One of the fun parts about meeting with publishers is that they start throwing books at you (note: if they do this literally, then you are likely not talking to a publisher. You may be talking to a monkey. Also, in this scenario, the books are probably pooh. But let’s focus on the good: you got a meeting with a monkey! Well done). You enter their offices (the publisher’s, not the monkey’s), and they’ve laid out some of their bestsellers as a visual resume that they publish real books and not crudely stapled together pamphlets detailing why fluoride is a mind-control device.
“Take whatever you want,” they say, and then your eyes glaze over, and a little bit of spittle starts to come out of your mouth, and you realize that you need to keep your shit together because this could be someone with whom you will work. But really, you just want throw yourself on the pile of books and make weird gurgling sounds. In this scenario, you may have also removed your pants by this point.
(God, you are such a book frotteur. You are fairly certain this is why they moved the bargain table at your local bookstore to the back corner of the second floor, away from everything.)
All of this preamble explains how I found myself in possession of a home-organization book. Which is not something I’d have purchased on my own, ever. But I got one from one of the publishers I met with (I’m not posting the exact book, since it was from a publisher that I ultimately did not end up going with. And don’t you dare try and guess or I’ll come over to your house and eat your pets).
I’m a fan of home organization, and I dabble in it, but I can’t commit whole-heartedly. It’s sort of like vegetarianism. I find it admirable and interesting, and I might even be lured into doing it every now and then, but mostly I want to eat a steak while wondering what Dodo bird tasted like.
So I embarked on a half-assed attempt to get my life in order.
The first thing that the book instructed me to do was to start throwing things out. There are lots of ways you can decide what to toss, and one of the most common methods is to ask yourself if a particular item brings you joy, and if it doesn’t, you get rid of it.
This is a terrible idea.
Here is a list of things in my life that don’t bring me joy but I supposedly can’t dump into the trash or sell to the guy who lives in my mom’s garage:
- old tax returns
- my husband’s computer
- a lifetime of regret
- a hamper filled with my dirty laundry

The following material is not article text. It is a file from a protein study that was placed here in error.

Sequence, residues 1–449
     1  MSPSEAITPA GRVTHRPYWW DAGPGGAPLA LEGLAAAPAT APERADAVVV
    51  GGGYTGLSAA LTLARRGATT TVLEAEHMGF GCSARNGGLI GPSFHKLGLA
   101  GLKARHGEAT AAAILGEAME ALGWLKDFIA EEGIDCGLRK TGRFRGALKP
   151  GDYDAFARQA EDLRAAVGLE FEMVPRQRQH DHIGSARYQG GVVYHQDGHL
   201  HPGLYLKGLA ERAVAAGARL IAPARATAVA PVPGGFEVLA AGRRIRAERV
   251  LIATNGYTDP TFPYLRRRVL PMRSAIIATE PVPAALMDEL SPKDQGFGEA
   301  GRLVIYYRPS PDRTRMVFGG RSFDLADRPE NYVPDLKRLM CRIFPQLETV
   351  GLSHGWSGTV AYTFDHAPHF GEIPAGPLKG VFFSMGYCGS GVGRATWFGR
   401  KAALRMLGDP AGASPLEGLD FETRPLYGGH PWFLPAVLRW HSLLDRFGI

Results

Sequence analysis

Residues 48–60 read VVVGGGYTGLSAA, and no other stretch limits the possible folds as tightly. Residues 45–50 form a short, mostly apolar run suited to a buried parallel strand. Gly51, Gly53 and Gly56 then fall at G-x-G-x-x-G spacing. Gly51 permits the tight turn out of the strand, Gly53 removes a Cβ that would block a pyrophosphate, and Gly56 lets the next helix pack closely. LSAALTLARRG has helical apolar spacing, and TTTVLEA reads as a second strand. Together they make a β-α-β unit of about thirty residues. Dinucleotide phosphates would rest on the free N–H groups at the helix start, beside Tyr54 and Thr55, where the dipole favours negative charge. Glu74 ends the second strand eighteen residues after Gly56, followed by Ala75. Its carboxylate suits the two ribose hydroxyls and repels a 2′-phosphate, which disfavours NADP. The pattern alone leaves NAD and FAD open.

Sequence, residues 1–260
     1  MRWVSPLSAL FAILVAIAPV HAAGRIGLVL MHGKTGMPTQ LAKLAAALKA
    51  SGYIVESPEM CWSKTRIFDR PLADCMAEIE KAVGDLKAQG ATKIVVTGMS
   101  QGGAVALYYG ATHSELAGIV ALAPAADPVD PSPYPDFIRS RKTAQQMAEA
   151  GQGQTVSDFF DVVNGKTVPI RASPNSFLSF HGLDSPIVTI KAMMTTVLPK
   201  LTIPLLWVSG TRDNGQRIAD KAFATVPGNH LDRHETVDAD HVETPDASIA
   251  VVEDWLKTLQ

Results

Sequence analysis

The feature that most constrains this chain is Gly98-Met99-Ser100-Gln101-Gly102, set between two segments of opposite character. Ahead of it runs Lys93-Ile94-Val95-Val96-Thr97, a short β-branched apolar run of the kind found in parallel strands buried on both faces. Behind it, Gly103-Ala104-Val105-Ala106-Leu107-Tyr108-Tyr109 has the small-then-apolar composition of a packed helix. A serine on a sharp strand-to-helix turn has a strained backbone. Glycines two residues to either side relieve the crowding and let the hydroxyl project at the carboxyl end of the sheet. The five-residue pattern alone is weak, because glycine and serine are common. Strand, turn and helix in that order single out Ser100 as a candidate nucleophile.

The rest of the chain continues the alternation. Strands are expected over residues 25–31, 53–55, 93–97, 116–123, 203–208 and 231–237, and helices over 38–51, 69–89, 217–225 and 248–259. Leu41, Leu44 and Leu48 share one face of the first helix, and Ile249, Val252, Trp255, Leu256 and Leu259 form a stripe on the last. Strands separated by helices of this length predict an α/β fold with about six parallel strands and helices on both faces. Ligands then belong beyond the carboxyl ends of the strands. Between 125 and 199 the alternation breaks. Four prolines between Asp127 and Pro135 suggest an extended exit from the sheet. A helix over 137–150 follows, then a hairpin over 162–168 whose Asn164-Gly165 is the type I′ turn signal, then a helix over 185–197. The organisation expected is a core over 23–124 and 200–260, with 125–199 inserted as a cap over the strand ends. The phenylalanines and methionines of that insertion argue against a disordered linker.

I think a better question to ask is “Will I end up in Federal Tax Prison or will my spouse leave me if I throw this out?” If so, put it in the “maybe” pile.
The next thing you need to do is get a whole bunch of boxes of indeterminate sizes, and label them with the things you want to put inside. This can be useful, when you do it right, or simply fodder for your husband when he has you legally declared unfit to manage your own finances.
Sometimes, if you are lucky, you will find things in your house that are already conveniently labeled. Like this.
The nice part is that when I’m done with the (alarmingly shelf-stable) rendered animal fat that is currently in there, I’ll be able to reuse it to store all the other lard I have lying around the house.
The most pressing issue was my medicine cabinet, which I reorganized according to ailment. For pain relievers, I took the direct approach.
Depending on how serious the injury, I tried to be as direct as possible.
Then I started using a little bit of artistic license.
This all worked out so alarmingly well that I decided to get more bins and label other things in my house, but I threw the whole “organize things in a way that makes sense to you” idea out the window. Instead, COCAINE!
My junk drawer fared remarkably well. Just look at it. It’s a goddamn thing of beauty.
My snack drawer, less so.
And then I just lost my damn mind, which is how most of my self-improvement stories turn out. I originally thought it would be funny to label a small box like this.
Then I thought it would be even funnier if I labeled a HUGE box like that.
But I’m just setting myself up for failure because honestly WHERE AM I GOING TO FIND THAT MANY TEETH? I’ve counted my own and Rand’s and that only gets us into the 60s, and also my husband gets really nervous when I start taking inventory of his body parts.
All in all, it’s been a nice little foray into a simpler life. I have no idea where I put the dental bill I need to pay, but this is surprisingly helpful:
I am on my way to inner peace. Now if you’ll excuse me, I need some food eat good.